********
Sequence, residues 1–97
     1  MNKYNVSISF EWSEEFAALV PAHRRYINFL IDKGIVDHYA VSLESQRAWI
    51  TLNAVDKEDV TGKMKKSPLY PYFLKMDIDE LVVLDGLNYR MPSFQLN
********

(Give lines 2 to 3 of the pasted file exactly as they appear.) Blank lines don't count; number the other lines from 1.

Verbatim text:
     1  MNKYNVSISF EWSEEFAALV PAHRRYINFL IDKGIVDHYA VSLESQRAWI
    51  TLNAVDKEDV TGKMKKSPLY PYFLKMDIDE LVVLDGLNYR MPSFQLN